A year ago, when all hell was breaking loose in the economy, shoppers spent 7% more at stores during the weekend following Thanksgiving than they had the year before. What a difference a year makes. Or does it?
Since last November, the market took a nose dive, then recovered by 63%. Unemployment climbed to 10.2%. People stopped spending and the savings rate shot up to 5%.
Now, with just two weeks left to go before the holiday shopping season officially kicks off, the question is, does the consumer feel confident enough to go holiday shopping?
The “season” officially commences on Black Friday, the extravaganza shopping day on the Friday after Thanksgiving when consumers line up outside of stores hoping to take advantage of the deals and discounts. Last year a Wal-Mart employee was trampled to death in a frenzy after the store's doors opened to the public. This year Wal-Mart has taken several steps to make the experience safer, including keeping stores open from Thanksgiving into the next day instead of closing and having everyone line up outside to await the big morning open.
The National Retail Federation (NRF) expects sales during the holidays to drop 1%, and on Thursday, Wal-Mart, the nation’s biggest retailer, said they see a cautious consumer over the holiday season. If sales overall fall , it would be the first time ever they did so two years in a row.
Still, the news on the consumer is decidedly mixed. Consumer sentiment is falling. And yet after a tough year, retail sales rose in August, September and October as shoppers returned to the stores. Analysts thanked back-to-school sales, the cash for clunkers program, a need for warmer clothes as the weather turned colder earlier (it snowed three feet in parts of Colorado days before Halloween), and also pent-up demand after putting off purchases for so long. But some retailers like Costco also benefited from stronger international sales, where the weak U.S. dollar makes it attractive for foreigners to buy U.S. products.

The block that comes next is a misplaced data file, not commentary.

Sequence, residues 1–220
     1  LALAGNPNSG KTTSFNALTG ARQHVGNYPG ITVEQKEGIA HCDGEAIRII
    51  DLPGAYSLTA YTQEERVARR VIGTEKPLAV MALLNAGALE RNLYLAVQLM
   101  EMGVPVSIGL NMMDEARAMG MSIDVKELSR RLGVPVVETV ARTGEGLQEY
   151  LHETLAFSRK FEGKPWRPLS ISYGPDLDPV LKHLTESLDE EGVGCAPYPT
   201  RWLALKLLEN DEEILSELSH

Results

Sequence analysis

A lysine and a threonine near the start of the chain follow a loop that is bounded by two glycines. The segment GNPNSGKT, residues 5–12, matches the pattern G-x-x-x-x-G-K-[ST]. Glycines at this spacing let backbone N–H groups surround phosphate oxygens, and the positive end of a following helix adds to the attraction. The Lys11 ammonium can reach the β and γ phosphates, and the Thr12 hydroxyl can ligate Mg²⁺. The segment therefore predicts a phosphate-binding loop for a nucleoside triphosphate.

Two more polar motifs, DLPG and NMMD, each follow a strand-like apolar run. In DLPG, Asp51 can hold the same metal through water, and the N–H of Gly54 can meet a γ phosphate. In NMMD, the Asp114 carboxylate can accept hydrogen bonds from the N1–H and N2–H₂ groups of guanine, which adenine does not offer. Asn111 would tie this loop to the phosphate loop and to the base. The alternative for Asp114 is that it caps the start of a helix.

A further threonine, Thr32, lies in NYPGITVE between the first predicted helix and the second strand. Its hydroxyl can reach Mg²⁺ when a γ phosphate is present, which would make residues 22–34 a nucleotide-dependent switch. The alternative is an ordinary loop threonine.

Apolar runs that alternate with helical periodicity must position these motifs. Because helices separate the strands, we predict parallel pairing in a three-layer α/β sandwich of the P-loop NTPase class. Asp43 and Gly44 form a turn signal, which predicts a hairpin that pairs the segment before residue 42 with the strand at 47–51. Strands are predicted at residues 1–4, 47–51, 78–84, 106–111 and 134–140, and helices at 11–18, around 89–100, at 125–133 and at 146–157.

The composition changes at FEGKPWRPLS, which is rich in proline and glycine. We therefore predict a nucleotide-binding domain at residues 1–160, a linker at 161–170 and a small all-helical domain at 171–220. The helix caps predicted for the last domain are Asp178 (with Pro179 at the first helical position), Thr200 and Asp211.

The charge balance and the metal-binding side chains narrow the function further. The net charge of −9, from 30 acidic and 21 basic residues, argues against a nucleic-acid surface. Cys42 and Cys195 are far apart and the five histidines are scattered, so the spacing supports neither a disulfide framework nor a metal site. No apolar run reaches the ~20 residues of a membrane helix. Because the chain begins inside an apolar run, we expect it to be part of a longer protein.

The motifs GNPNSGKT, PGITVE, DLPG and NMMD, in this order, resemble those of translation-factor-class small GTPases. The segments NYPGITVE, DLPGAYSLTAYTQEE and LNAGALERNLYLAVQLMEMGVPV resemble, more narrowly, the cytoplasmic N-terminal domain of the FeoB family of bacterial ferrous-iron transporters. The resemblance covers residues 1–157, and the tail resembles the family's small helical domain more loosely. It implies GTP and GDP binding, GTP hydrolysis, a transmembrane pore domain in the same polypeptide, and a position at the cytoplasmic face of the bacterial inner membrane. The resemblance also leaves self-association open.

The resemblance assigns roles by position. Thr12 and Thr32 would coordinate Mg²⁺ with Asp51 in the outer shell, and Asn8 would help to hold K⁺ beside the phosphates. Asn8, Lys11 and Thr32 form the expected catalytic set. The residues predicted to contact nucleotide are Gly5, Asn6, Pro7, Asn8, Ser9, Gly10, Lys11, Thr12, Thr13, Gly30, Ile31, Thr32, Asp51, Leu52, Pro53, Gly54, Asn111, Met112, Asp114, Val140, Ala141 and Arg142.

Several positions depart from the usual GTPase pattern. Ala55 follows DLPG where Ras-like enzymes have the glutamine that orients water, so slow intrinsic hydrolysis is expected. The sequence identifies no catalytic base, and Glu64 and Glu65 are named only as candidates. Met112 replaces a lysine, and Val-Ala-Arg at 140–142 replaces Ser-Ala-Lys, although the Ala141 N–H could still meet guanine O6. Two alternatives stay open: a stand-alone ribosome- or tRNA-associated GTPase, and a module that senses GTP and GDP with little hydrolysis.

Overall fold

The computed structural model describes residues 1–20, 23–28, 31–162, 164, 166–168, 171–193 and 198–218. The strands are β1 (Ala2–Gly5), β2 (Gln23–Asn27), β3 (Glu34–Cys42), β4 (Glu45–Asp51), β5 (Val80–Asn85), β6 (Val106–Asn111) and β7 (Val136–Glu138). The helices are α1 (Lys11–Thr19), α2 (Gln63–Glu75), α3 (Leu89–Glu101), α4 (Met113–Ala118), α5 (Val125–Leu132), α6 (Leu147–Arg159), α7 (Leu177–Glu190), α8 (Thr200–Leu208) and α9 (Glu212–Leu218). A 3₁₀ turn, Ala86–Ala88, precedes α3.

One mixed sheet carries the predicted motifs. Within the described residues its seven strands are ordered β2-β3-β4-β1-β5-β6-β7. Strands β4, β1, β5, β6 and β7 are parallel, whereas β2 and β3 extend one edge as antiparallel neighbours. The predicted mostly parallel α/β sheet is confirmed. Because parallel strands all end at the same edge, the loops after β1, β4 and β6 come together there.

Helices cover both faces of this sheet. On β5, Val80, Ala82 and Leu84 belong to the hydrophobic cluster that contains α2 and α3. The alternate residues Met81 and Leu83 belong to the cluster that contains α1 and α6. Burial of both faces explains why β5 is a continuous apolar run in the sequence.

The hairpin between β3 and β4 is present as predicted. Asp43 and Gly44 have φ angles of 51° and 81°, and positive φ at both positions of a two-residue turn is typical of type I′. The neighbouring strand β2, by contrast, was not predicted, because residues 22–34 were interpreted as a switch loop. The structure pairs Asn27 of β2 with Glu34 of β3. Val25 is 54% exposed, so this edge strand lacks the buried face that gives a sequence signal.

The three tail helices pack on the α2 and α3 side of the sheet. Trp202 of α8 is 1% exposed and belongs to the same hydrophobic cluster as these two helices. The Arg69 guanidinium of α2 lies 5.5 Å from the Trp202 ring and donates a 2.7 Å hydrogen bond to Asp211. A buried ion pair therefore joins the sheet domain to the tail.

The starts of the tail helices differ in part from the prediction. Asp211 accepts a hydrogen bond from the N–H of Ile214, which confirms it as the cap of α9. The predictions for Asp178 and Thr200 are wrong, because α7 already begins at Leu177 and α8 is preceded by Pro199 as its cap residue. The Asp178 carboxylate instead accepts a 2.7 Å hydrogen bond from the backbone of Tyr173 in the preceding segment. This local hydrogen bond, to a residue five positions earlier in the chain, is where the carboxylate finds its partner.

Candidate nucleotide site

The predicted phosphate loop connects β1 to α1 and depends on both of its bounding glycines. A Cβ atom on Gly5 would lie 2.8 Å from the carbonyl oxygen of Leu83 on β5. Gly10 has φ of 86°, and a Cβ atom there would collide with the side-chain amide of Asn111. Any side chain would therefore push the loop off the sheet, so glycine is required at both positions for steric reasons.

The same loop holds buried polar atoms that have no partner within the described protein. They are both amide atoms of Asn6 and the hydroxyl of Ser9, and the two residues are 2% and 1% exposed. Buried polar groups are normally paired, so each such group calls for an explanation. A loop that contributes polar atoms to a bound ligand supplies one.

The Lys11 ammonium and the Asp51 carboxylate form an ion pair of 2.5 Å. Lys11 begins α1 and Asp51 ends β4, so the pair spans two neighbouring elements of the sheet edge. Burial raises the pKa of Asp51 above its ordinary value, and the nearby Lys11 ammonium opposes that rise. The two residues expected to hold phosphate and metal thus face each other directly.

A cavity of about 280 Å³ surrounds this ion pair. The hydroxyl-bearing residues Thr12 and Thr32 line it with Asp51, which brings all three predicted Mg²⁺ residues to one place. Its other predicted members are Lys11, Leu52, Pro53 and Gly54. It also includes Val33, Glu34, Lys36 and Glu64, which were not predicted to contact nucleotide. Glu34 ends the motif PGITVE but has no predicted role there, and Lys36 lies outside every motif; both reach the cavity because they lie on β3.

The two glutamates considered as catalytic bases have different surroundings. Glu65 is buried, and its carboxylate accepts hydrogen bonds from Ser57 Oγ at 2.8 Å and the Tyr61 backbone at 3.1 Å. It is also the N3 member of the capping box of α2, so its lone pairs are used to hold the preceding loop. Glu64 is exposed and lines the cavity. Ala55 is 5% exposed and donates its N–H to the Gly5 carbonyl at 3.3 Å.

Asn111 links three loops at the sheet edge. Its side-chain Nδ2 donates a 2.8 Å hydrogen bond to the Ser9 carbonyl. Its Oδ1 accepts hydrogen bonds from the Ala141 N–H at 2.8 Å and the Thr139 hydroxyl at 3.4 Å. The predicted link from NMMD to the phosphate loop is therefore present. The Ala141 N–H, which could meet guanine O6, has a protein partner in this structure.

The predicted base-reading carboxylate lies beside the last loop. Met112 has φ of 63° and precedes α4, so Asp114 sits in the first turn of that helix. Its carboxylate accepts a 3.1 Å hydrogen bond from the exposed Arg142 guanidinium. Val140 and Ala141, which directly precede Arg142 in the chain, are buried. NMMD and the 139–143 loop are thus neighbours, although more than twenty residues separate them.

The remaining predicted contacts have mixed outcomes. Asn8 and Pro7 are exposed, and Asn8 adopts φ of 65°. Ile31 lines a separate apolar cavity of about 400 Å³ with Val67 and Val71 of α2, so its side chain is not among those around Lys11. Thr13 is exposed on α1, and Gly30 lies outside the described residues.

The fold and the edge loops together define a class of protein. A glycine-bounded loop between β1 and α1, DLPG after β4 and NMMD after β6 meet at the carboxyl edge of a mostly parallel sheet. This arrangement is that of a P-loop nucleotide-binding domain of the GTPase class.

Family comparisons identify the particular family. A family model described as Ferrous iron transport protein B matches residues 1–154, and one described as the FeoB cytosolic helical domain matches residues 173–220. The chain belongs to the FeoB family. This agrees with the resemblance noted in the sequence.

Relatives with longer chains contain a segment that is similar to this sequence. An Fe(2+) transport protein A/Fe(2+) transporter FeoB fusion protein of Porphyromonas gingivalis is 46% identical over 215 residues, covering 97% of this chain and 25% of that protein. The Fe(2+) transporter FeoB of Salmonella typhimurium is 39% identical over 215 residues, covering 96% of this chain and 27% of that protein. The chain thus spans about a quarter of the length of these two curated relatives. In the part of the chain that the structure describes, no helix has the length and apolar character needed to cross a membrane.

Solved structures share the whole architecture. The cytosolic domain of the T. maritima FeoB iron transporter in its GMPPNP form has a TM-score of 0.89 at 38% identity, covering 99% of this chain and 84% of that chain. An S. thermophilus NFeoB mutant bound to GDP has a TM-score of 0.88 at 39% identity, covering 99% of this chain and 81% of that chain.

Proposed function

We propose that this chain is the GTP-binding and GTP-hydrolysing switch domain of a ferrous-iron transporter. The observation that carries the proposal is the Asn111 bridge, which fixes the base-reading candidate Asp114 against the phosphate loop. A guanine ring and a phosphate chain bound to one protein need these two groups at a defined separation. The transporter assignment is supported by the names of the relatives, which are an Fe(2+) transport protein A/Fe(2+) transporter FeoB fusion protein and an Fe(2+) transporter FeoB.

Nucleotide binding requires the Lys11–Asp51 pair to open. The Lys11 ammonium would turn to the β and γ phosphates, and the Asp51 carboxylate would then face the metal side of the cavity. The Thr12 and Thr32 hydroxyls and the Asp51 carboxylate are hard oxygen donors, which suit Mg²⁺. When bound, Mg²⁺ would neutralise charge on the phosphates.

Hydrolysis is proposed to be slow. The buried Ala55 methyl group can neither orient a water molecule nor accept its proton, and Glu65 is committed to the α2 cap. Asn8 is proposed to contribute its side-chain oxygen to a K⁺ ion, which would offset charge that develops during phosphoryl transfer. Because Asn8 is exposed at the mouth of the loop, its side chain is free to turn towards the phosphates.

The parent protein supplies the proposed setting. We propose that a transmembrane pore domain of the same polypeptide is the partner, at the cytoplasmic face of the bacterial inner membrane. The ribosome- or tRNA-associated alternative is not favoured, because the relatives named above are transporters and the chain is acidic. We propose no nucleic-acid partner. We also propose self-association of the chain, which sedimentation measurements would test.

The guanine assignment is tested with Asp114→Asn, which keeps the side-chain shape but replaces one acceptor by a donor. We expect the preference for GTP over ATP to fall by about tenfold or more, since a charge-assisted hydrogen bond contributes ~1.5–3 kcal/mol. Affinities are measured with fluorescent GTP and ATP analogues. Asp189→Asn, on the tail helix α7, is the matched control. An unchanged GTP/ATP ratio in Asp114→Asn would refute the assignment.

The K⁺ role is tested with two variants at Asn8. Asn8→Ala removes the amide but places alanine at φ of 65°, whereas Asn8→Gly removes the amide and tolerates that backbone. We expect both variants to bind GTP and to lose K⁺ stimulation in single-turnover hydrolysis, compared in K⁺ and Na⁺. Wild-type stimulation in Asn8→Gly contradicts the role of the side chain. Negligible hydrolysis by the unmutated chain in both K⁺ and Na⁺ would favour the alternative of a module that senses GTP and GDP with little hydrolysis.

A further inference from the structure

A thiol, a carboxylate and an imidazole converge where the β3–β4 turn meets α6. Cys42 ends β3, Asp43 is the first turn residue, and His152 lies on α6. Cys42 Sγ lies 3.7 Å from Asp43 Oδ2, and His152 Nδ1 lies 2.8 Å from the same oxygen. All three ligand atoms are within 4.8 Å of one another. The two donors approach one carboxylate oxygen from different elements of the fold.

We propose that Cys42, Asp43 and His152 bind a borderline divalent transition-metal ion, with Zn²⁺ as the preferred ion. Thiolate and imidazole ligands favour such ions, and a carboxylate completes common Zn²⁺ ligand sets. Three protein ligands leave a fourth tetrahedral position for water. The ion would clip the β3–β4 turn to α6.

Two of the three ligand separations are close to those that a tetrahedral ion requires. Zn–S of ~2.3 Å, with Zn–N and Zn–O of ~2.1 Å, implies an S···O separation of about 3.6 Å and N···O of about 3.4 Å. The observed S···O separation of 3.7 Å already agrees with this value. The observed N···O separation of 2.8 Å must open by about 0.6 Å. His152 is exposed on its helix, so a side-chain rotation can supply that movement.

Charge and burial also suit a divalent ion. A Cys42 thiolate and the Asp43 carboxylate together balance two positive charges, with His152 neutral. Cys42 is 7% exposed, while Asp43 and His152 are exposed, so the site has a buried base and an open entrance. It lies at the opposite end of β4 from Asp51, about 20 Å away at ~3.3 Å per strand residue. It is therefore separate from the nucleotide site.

You can still expect doorbuster sales this year, but the NRF says stores scaled back on inventory so you may come across some supply issues. Some stores already launched Black Friday sales as a means to get people in the doors, so you may find some good deals out there already (check out the ads here).
The big picture
The economy is growing but unemployment is too. Foreclosures are up. The market is up. It’s a mixed bag of confusing data. And everyone will be watching how all this translates to consumers, who are expected to spend an average of about $680 on holiday shopping. If that number comes in stronger than expected, it will be a sign that the consumer is feeling more confident. And because the bulk of our economy is supported by consumer spending, glasses will be raised cheering the good news. Whether it’s a good thing that our economy is based on consumer spending is an entirely different discussion!